The older MS2109 dongles can be had for around US$10, and the newer MS2130 dongles go for around US$20. For this sort of project, that price difference doesn't matter too much. I got a dongle with an MS2130 chip:

    Bus 002 Device 094: ID 345f:2130 UltraSemi USB3 Video

    It does, indeed, emit video at FHD@60fps. 

    I could wish that it emitted MJPEG, but at least I am seeing the full resolution and frame rate.

  • Expensive-ish HDMI encoder

    WJCarpenter05/18/2024 at 22:54 0 comments

    When I started thinking about this cheap encoder project, I assumed it was more likely than not that it wouldn't be good enough for household TV watching. To hedge my bets, I ordered a standalone HDMI encoder box. It's this one:

    I selected this one according to the Cheap and Lazy algorithm. I saw it mentioned by some other people, and it was inexpensive relative to others mentioned. It was also readily available with just a short delay. The day I bought it, there was also an instant coupon for US$20 off the price.

    I ran the same sort of POC test with this device that I ran with the cheap encoder dongle earlier. Results were pretty good. Here is what vlc says about the stream:

    vlc was able to consume and display a very clear image with both H.264 and H.265 codecs. Despite best efforts, I was only able to get a frame rate of 30fps. I'm not sure if that's a limitation of the device, a limitation of the Fire TV stick, or some other settings thing. The video and audio were completely smooth in vlc.


    As a side note, there was some small inconvenience as a side effect of buying the least expensive device. The setup instructions are for Windows (whatever that is), and the device comes configured with a static IP address of 192.168.1.120. I already have a device with that address, so I had to temporarily turn it off while I configured this new device. Luckily, there is a simple web UI that lets you change the network configuration and various other things. There was an unexpected bonus (because I didn't pay attention to it while shopping). The device can record to an SD card for subsequent download. I don't know if I'll ever use that, but it's nice to have.

    Regardless of what happens with this overall project, I should be able to scratch my single-channel itch with this device after applying some software magic.

  • Proof of concept

    WJCarpenter05/17/2024 at 22:28 0 comments

    Do those dongles actually work, and are they better than "marginally above crap"? Let's see what we can see.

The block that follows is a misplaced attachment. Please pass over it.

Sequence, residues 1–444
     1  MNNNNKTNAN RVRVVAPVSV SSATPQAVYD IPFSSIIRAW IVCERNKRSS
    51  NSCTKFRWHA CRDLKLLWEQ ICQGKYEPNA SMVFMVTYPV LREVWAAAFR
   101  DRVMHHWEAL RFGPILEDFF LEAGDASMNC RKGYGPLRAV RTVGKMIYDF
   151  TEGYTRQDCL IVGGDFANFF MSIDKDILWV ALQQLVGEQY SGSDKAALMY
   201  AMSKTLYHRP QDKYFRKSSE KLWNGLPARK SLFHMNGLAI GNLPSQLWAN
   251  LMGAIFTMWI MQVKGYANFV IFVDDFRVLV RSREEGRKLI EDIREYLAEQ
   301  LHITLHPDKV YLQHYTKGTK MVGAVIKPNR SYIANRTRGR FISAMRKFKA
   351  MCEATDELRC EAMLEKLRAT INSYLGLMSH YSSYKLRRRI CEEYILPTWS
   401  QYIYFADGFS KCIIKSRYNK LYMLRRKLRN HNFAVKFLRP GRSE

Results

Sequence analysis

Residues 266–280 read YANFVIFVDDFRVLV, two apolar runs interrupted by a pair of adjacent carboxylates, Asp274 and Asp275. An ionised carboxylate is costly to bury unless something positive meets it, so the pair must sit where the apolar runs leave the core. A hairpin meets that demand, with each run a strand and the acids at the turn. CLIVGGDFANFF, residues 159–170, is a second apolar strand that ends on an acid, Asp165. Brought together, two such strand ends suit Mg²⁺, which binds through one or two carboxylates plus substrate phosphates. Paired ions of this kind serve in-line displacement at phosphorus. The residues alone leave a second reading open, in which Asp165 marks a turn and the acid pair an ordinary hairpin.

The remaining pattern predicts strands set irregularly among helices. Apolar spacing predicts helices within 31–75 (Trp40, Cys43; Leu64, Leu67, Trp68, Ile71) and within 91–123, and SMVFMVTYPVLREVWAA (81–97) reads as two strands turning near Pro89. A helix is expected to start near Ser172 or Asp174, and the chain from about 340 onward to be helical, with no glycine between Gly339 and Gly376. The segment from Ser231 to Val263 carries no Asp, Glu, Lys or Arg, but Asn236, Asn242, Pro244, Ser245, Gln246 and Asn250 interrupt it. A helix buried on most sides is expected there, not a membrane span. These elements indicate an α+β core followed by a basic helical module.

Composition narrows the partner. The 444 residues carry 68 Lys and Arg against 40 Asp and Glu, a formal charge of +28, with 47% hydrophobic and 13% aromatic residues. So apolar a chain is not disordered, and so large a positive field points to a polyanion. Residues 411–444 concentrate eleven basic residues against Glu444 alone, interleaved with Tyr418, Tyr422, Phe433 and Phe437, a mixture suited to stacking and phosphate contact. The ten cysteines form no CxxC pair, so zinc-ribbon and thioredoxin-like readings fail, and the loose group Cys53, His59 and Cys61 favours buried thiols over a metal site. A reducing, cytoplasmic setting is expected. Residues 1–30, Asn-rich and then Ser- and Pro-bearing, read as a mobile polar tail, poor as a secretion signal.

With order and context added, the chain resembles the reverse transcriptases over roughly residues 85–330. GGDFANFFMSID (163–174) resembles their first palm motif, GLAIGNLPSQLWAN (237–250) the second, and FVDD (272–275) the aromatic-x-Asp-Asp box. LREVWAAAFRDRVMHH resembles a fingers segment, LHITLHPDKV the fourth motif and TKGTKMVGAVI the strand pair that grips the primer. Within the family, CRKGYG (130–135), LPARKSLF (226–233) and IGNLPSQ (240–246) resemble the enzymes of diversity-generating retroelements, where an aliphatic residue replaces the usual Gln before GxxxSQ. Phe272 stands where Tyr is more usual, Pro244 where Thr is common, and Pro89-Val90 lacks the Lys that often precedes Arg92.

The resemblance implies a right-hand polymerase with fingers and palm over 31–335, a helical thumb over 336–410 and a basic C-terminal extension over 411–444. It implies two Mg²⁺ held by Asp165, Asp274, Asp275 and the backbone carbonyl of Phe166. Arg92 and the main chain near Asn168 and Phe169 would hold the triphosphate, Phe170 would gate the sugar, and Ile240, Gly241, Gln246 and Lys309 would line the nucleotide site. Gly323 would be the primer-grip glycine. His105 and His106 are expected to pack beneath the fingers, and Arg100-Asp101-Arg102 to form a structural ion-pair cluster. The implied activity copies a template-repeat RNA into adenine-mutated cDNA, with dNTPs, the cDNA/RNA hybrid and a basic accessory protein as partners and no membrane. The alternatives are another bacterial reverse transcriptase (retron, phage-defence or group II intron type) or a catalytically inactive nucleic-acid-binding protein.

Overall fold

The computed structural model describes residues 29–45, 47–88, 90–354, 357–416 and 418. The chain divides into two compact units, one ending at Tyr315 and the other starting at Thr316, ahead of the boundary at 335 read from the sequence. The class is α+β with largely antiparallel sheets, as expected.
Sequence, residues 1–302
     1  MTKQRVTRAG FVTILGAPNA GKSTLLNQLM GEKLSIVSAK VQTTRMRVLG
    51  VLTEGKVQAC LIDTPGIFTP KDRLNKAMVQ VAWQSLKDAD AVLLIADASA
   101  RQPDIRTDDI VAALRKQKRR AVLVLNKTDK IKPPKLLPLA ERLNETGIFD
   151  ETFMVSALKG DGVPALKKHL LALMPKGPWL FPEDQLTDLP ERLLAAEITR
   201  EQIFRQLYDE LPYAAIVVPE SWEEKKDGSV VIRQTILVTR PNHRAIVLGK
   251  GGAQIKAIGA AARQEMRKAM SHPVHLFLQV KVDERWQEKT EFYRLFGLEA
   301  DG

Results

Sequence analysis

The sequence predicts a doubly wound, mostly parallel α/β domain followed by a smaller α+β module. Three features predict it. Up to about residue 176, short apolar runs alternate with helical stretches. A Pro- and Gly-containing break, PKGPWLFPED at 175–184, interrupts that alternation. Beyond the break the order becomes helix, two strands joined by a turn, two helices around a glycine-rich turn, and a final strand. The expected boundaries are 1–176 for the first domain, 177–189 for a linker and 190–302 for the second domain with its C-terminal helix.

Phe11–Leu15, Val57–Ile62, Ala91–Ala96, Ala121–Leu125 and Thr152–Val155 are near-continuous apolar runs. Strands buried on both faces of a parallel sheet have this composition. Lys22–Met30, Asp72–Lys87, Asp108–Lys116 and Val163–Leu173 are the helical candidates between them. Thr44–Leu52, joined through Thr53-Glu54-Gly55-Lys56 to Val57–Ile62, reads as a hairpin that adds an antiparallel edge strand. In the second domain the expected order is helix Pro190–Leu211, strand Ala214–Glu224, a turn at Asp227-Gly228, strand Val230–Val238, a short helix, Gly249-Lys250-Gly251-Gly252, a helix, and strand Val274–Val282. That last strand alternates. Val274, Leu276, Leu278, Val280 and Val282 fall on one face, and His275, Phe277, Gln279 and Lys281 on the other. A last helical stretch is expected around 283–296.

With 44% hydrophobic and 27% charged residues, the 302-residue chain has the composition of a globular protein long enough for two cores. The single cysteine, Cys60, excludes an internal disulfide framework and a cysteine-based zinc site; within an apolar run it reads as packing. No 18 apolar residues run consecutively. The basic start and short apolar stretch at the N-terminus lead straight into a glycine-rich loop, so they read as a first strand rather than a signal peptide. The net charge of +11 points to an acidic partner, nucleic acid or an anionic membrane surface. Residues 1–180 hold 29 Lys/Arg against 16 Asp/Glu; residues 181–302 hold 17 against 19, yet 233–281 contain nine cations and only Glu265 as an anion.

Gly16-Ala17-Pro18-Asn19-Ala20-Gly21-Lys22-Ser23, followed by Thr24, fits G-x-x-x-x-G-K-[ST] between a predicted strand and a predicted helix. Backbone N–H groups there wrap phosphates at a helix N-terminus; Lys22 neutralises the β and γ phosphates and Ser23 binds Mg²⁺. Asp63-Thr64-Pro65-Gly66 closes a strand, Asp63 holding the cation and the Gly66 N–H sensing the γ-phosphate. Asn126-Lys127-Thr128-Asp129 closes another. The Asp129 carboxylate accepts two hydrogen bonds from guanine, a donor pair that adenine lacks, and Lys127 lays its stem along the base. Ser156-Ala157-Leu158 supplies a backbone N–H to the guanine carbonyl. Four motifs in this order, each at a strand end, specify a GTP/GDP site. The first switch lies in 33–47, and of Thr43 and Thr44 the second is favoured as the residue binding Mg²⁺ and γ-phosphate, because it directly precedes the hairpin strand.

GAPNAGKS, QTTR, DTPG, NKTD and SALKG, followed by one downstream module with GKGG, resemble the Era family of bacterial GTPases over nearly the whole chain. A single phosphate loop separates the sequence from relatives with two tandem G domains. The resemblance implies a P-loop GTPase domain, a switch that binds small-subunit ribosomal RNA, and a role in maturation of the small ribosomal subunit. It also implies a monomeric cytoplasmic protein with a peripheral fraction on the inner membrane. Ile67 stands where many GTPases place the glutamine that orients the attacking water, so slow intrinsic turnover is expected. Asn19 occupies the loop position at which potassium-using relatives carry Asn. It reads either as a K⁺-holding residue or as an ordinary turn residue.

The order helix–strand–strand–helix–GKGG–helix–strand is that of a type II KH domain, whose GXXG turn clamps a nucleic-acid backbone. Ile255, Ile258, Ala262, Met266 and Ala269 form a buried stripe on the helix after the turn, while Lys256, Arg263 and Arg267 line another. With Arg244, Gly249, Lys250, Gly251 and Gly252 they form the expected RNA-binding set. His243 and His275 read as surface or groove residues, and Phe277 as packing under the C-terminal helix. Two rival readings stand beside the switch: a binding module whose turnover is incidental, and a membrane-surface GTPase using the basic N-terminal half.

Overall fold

When I plug the dongle into my Linux machine, it shows up as this USB device:

    Bus 001 Device 038: ID 534d:2109 MacroSilicon

     Searching around for those ID strings leads to the MacroSilicon MS2109 chip that powers the dongle that I have. I haven't pursued the innards of this chip, but it was easy to figure out that it's supported by the Linux v4l subsystem and presents as a pair of video devices.

    crw-rw----+ 1 root video 81, 2 May 17 11:36 /dev/video2
    crw-rw----+ 1 root video 81, 3 May 17 11:36 /dev/video3
    

     At this point, I just needed any old HDMI video signal. I plugged in an Amazon Fire TV stick that was in my "send to the thrift store" box. I used vlc to open /dev/video2 as a capture device.

    Hey, that worked! You can't see it, but the audio also played correctly. On my 4k monitor, that window with the FHD video doesn't look completely sharp, but it's good enough for the POC. Here's what vlc says about it:

    The resolution is FHD (1920x1080), but it's only 5fps. The playing video has the choppy look that you'd expect from that frame rate. My quad-core low-powered Linux box reports about 30-50% on each core.

    It didn't really prove anything that I didn't already know was OK, but I also streamed that video. My first attempt was to use mjpg-streamer, which I had used in an earlier project., but some python thing was giving me a hard time today. Instead, I used µStreamer, which is part of the PiKVM project. It doesn't include audio for this kind of setup, but I was able to view the playing video in a web browser.

    Next steps: I've ordered a newer dongle that has a USB 3.0 interface, and I have some beefier Linux boxes to try. I am cautiously optimistic.

  • The HDMI dongles

    WJCarpenter05/17/2024 at 22:01 0 comments

    There are dongles that take HDMI input and plug into a USB port for output, and they are extremely cheap. They are readily available online for US$10-20. I've had one that looks like this for several years:

    Until today, I'd never plugged it in. It was probably pretty cheap and I bought it for hazy future use after seeing it mentioned in some article somewhere. The future is now! The documentation that came with it claims it can accept an input of 4K@30fps and output FHD@30fps. I don't know if that claim is actually true. Even if it is, 30fps is less than desirable for watching TV. Newer iterations of similar dongles claim to output up to FHD@60fps. My TV is only FHD, not 4K, so FHD@60fps would be fine for now if it turns out to be true.

  • The DVR

    WJCarpenter05/17/2024 at 21:52 0 comments

    DVR, I hear you ask. These days, it's relatively easy to create your own DIY DVR with inexpensive hardware. For example, a Raspberry Pi with a couple of USB hard drives is enough computer power. Digital tuners are available for receiving OTA programming. The most well-known is HDHomeRun, but there are others. Many paid programming services also make their live TV content available for streaming via a technology called TV Everywhere. For the software, I've experimented with Channels DVRemby, and a few others. None are perfect, but several are good enough.

    One of the side-effects of these various DIY DVR efforts is that the people involved, both the developers and the users, have lots of interesting ideas for how to deal with programming. It is some of those ideas that I am exploring in this project. In particular, it's aspects of these very long discussion threads in the Channels DVR community forums that set me to thinking.

    BETA: Chrome Capture for Channels

    HDMI for Channels

    ADBTuner: A “channel tuning” application for networked Google TV / Android TV devices